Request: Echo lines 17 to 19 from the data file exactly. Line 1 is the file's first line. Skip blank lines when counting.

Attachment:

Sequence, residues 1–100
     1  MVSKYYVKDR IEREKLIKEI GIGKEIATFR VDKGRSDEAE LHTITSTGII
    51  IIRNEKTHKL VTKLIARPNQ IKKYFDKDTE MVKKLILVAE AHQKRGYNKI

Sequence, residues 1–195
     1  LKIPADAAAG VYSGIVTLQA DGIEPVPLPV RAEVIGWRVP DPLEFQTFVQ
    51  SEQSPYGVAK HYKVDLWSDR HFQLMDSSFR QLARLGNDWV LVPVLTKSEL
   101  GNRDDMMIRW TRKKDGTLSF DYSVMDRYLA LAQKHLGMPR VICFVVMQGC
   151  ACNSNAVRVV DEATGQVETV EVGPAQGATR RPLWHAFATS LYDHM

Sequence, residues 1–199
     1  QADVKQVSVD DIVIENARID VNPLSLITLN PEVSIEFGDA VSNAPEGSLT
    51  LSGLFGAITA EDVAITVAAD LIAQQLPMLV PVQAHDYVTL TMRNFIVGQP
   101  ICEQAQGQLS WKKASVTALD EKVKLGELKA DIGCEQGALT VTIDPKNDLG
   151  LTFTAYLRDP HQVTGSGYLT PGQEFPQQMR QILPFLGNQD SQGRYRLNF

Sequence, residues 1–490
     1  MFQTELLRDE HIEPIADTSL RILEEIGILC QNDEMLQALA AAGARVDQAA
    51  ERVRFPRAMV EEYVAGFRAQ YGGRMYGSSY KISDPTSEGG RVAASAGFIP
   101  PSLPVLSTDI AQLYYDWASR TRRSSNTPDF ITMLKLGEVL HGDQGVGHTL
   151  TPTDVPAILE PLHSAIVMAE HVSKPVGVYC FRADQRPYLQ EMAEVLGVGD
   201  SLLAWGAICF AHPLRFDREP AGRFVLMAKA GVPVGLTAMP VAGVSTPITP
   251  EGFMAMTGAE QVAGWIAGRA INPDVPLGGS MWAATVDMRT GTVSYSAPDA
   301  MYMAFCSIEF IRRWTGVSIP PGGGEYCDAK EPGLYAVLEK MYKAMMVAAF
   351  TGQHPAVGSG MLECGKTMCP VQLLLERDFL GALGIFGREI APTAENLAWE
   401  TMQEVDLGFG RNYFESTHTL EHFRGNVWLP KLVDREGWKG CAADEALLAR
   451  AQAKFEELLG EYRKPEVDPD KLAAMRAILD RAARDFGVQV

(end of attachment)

   101  PSLPVLSTDI AQLYYDWASR TRRSSNTPDF ITMLKLGEVL HGDQGVGHTL
   151  TPTDVPAILE PLHSAIVMAE HVSKPVGVYC FRADQRPYLQ EMAEVLGVGD
   201  SLLAWGAICF AHPLRFDREP AGRFVLMAKA GVPVGLTAMP VAGVSTPITP